I stepped out of my front door the other morning and the rain from the previous night was still fresh on the bushes. It immediately reminded me of the smell of the dew that was on so many golf course and park greens where most of the cross country events began in high school and college. It sends a tinge of energy and excitement through me and I start running down the road.
Equally familiar come the nerves. One of my biggest problems when I ran was going out too fast and not having enough energy for the hills and final sprint that came at the end of a race. However, the excitement of running and the desire to really push a hard run pulls at me as well. I give myself a quick “diagnostic check” and find that I need to taper of just a smidge since I haven’t been running in several months and I know the hill that is coming at the end.
After I get about three quarters of a mile in, I’m into my groove. There’s a point where your breathing goes from the anaerobic “sprint” type breathing to a deeper and more paced “aerobic” breathing, and that’s when the run really starts to get good. My bones and muscles are complaining a little. They complain a bit that they’re getting sore a little too fast, and also that they need to get out and do this more often because they miss this. I do another “diagnostic check” since I’m reaching a downhill portion and don’t want to stretch out too far since the uphill will be much steeper in another half mile. I’ve run this course enough times to get a feel when each of the major markers should show up, regardless of the GPS program on my phone that is keeping time, pace, and letting me know when I reach certain points.
This is usually the point when I have some good open talks with God. My body is starting to fatigue a bit (since I’m out of shape) and any inhibitions that I may have (good or bad) don’t really mean much anymore. These are the times that I ask those tough questions. Why is there so much suffering in the world? How do I balance the head and the heart? Am I doing enough to instill virtue into my children? Am I doing all that I can to nurture, cherish, and support my wife? What do I ultimately want to do with the computer skills I’ve been given anyway? I don’t get any definitive answers to these questions, but I find that as I talk and struggle and ponder these issues, I discover one more small nugget of wisdom as a reward. It gives me something to continue to ponder as the day goes by.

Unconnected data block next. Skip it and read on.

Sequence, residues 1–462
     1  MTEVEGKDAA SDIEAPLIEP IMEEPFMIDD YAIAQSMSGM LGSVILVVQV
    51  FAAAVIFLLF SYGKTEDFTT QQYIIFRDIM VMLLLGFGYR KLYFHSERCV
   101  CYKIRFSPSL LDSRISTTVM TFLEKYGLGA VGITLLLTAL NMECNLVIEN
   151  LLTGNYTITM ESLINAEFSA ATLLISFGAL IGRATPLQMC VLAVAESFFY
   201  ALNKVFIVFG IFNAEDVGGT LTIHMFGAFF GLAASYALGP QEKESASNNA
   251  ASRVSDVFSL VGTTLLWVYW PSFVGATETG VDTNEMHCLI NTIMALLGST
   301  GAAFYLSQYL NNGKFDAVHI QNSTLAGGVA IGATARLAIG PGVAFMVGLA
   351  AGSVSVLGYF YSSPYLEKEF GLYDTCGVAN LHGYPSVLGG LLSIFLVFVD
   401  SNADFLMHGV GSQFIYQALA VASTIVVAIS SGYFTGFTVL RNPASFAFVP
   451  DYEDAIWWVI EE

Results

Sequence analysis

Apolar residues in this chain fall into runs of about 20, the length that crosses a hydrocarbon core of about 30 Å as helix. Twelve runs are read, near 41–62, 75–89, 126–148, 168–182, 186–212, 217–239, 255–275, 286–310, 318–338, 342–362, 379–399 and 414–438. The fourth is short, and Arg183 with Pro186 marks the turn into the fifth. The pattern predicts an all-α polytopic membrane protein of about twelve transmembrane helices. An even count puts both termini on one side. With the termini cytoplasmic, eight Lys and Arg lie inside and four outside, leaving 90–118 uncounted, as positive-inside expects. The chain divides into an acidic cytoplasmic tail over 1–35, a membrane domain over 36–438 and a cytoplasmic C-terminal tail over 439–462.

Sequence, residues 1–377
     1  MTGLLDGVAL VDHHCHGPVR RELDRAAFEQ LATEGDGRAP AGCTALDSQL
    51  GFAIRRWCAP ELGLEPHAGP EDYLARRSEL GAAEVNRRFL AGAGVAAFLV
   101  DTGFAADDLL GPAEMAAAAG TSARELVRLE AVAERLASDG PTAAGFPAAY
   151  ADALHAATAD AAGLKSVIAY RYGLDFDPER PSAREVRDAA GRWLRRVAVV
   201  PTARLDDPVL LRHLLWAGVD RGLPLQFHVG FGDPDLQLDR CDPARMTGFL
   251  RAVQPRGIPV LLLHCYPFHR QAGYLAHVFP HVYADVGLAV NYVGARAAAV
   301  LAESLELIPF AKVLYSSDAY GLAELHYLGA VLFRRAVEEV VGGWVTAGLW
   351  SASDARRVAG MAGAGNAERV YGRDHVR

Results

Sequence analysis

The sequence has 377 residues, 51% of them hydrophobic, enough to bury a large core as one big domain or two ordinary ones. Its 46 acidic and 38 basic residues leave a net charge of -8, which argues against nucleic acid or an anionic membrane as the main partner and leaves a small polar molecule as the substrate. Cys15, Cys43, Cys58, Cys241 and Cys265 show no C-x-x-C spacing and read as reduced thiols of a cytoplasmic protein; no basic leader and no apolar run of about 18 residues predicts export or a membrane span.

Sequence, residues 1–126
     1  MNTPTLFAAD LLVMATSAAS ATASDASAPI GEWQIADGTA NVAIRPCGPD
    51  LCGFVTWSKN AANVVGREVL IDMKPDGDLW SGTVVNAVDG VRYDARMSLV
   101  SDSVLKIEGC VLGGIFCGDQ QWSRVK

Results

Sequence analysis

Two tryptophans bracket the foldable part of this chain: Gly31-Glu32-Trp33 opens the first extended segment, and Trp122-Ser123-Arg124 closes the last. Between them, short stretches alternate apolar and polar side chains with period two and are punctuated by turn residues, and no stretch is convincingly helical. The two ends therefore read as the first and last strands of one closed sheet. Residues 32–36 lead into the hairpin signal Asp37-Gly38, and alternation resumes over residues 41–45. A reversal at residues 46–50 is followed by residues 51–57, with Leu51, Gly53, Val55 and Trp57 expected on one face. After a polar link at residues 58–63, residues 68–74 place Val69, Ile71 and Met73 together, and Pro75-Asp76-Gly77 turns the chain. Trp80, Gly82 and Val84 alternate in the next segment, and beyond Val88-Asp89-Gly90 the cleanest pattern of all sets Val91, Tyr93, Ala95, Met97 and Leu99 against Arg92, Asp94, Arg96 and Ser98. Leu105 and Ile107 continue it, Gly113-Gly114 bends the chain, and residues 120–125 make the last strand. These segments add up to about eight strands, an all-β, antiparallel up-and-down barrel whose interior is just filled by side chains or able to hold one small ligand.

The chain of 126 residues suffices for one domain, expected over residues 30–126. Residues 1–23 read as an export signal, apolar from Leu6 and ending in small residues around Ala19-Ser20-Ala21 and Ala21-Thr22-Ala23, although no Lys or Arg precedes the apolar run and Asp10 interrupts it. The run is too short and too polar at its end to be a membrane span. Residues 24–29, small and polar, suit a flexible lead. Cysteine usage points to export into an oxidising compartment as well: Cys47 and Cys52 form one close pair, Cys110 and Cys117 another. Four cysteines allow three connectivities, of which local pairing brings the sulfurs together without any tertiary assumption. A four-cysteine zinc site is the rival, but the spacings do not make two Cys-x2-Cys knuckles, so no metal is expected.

I’m about a mile and a quarter in now. The hill is starting. I’m not at the steepest part yet and my body is already starting to shut down. This is always one of the pivotal points in the run. Do you continue to push through, or do you let your body ease up? Especially with hills, easing up now will compound on itself and by the time you hit a flat or downhill again, your pace will be shot. This doesn’t mean you have to sprint into the hill, but you gotta put a mental stake in the ground and commit to conquering the hill. I’ll admit that there are a lot of days where I haven’t committed, but today is different. I shake out my arms and legs a little, lean forward a bit more, shorten my stride a bit, and push on.
I’m given a small reprieve by moving from the road to the trail now. The hill has gotten steeper, but I’m on dirt now. A trail that is jagged due to the recent rains that have carved out their own paths. But it is dirt and rocks and bushes and grass and trees! I start to feel at home with everything. There is this simultaneous balance between the aching of my lungs and muscles and the joy of being out on the trail and continuing to move forward, step by step, when my body wants to say otherwise. My old cross country coached always joked “Pain is good. Extreme pain is extremely good.” It’s not the pain that I enjoy, it’s the mastery of self that is exhilarating.
I’ve made it to the top of the hill now. There’s a small flat straightaway that finishes my run. Even when all seems to be spent, there’s that competitor deep down inside that still finds a bit of hidden reserves. It’s no sprint from my “glory days”, but I feel myself give that last little bit of strength in to increase my pace and finish the run strong.
Completion. Success. 2.04 miles in 17 minutes and 49 seconds, according to my app. By far it’s not my best run, but it was a worthwhile run. There’s so much that happened in such a short amount of time: connection with self, connection with God, mastery of the trail, insights to life. My lungs and muscles are yelling at me that I’m crazy and it’s not doing this for a long, long time.
I can’t wait until Monday.